A friend approached me a week ago or so with a really great long-form article he’d published. 3,000 words, really in-depth, oozing industry expertise. I wasn’t even part of the industry and I enjoyed it. He asked me for suggestions, and my main question was:
What’s the plan for people finding this piece?
Our minds immediately jumped to search engine optimization (SEO). But many advanced industry leaders do not search for industry problems or questions on Google (for all sorts of reasons!):
- Keywords or unbranded search terms are unclear (Perhaps even the problem itself is unclear)
- The situation is far too specific or complex for a general search
- They don’t trust a Google search to solve the problem
SEO as a process is wonderful because it’s so tangible and concrete. It’s been decades of education, and the principles are simple, so people generally understand how to get a piece to rank. Even if they don’t, the SEO industry has promoted its benefits and processes enough to get people to trust it. If you’re a leader or marketer and you’ve got time, the risk of betting on SEO is not high—you certainly won’t get fired for trying to implement SEO. (This also explains why there are a gajillion SEO marketing agencies.)
5 years ago, I was working on Tommy Walker’s team as his deputy editor for Shopify Plus. We were writing articles for leaders of ecommerce companies who would not be searching for their problems, similar to my friend’s case. One of his key points was to ask, “What Slack channels do I want it to be shared in?”
What Tommy meant was, unbranded SEO is just one way that information flows, and as I mentioned, it’s not always so great for pieces like the one my friend had written. There are tons of other ways that information can flow:
- Social media broadcast
- Social media messages
- Social news (like Reddit and Hacker News)
- Slack and Discord channels
- Branded SEO (coining new terms like “The Creative World’s Bullshit Industrial Complex”)
- 1:1 email
- Email newsletters
- Syndication through industry publications
My friend could meet potential readers where they are and reformat his article to fit at each of these places—which means essentially creating a new piece of content for a platform (e.g., turn the article into a tweetstorm, or a LinkedIn or Medium post, or a YouTube short, or a really specific graphic that focuses on a key stat or concept which he shares in Slack channels). People behave differently, and have different expectations, at each of these places and platforms. Everyone is also sensitive to self promotion, and their guards will go up. Harry Dry shares a great resource on how he promotes his content, and spends a significant amount of his time sharing and replying to people. I also found Michael Lynch’s course How to hit the front page of Hacker News useful, as well as Ryan Fan’s piece on making non-curated articles successful.
If my friend wanted to bring people back to their website, they could do that too—linking to it from social news sites, sharing it with influencers (through 1:1 email with industry contacts, or friendly, kind, and well-considered cold emails asking for feedback), asking for feedback, developing branded SEO, for example. I love what Amanda Natividad writes on permissionless co-marketing (which is a great example of coining a term to match a new idea, which I just typed into Google!). Alex Turnbull shares his process for courting influencers at Groove’s blog.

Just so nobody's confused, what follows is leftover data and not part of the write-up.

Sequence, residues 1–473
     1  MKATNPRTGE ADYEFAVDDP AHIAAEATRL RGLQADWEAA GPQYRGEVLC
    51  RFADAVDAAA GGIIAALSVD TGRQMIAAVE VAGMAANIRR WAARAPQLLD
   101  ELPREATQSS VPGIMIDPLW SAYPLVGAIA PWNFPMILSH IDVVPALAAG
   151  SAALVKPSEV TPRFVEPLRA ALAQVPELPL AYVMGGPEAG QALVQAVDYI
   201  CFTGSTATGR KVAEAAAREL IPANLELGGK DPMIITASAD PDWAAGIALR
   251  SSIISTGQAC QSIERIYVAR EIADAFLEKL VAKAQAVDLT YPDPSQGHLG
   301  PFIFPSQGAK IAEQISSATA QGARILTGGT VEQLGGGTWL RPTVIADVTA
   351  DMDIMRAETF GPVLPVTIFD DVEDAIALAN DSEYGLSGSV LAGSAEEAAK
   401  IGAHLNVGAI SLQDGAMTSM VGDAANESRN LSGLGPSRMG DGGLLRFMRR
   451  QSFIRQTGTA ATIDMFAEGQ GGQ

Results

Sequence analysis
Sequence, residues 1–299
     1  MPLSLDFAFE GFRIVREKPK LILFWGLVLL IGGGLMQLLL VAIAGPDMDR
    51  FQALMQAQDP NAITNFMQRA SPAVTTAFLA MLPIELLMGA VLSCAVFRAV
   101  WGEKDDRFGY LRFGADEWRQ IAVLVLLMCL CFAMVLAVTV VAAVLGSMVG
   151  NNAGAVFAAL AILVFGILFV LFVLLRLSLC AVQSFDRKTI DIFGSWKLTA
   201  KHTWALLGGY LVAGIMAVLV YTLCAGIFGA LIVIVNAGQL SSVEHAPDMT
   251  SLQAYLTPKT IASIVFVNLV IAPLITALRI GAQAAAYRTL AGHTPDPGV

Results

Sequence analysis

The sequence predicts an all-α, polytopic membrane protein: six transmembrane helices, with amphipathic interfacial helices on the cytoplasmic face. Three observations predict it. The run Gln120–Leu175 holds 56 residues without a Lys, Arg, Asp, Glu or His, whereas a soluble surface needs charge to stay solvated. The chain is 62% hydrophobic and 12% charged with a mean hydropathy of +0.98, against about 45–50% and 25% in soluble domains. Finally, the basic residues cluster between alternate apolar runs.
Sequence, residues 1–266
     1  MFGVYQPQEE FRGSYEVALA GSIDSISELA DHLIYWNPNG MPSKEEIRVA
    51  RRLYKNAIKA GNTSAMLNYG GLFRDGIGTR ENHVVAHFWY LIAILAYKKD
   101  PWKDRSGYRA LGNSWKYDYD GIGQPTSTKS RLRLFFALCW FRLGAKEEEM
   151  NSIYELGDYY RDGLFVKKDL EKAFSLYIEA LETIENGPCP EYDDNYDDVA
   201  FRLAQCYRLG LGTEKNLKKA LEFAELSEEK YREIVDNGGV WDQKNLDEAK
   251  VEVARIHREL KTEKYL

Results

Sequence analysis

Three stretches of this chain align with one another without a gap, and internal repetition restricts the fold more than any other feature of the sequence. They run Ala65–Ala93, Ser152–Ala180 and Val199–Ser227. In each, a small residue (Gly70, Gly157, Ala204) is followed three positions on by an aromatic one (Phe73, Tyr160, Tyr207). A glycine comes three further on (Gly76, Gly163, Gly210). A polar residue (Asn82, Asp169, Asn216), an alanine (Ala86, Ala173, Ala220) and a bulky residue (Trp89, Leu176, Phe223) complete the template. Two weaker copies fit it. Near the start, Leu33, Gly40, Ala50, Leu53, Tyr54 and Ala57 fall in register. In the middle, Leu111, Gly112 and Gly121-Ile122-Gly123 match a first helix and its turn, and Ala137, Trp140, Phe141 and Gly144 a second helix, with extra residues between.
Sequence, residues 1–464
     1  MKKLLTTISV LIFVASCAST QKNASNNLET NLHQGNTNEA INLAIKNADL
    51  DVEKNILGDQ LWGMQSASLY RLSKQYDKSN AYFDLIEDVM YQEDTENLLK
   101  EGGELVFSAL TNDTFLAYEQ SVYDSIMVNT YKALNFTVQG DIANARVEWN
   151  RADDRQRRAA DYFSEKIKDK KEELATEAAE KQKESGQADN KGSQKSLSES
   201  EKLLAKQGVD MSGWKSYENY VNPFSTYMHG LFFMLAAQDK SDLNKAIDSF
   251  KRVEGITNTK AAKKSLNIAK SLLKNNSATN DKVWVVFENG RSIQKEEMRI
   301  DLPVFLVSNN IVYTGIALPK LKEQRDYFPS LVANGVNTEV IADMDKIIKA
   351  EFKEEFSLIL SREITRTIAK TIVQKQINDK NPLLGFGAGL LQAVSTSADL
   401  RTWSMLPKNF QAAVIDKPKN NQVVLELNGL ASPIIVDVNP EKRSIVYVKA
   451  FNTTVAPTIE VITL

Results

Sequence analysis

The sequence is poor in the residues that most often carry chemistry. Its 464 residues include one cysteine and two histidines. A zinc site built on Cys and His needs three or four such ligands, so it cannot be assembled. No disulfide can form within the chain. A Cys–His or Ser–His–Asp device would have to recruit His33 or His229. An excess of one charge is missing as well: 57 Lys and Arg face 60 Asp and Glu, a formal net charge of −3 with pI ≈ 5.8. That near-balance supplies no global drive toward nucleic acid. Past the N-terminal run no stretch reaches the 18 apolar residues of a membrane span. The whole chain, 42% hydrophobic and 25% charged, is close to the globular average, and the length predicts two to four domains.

I’ve never loved the word, “Distribution,” to describe content (I prefer “promotion”), though I’ve adapted a clear way to think about it in Creative Acts for Curious People, which involves a stack of 10 to 15 index cards. It was originally written to explore distribution for a product or service, and I like it because it makes the invisible idea of content distribution much more visible:
Take two cards from your pile. On one card—let’s call it Card A—draw a picture of your [article], and write down a few notes about what it is and [the problems it solves]. On the second card, Card Z, describe who you hope will [read your article]. Create a specific persona (one of your future satisfied customers) and make up the following information: where they live, their age and occupation, where they buy things similar to your idea, and any other demographic information you think is relevant. Sometimes this persona is based on a real person you know or have interacted with while doing research for your creative project. If not, use your imagination to come up with a realistic character.
Tape one end of your string to a wall or chair, and then tape the other end at the farthest point of the room, again using the wall, a chair, or whatever is handy. At one end, use a paper clip to attach Card A—your concept—and at the other end, attach Card Z—your customer. The length of string that stretches between Cards A and Z is your distribution channel, representing the distance your [article] will have to go to reach the person you hope will use or benefit from it.
Use the remaining cards to write down, step by step, all the different hands your [article] must pass through (or steps your service must take) to become available and appealing to your customer.
Add more cards to your string until you have a convincing distribution channel. If someone in your life knows about business, ask them to walk along the string with you and point out any gaps or weak links. Refine your channel until you can imagine “shipping” your [article] all the way down the line.
Remember, good work usually doesn’t sell itself. It takes a lot of effort to make things matter. Pick a few tactics and focus on them, until you’re confident with each one. Remember that each time someone reads your work is a chance for you to build trust with them, and that trust is the key to doing business. If you’re completely out of ideas, ask yourself what problems your product or business solves, and what questions you hear a lot from people.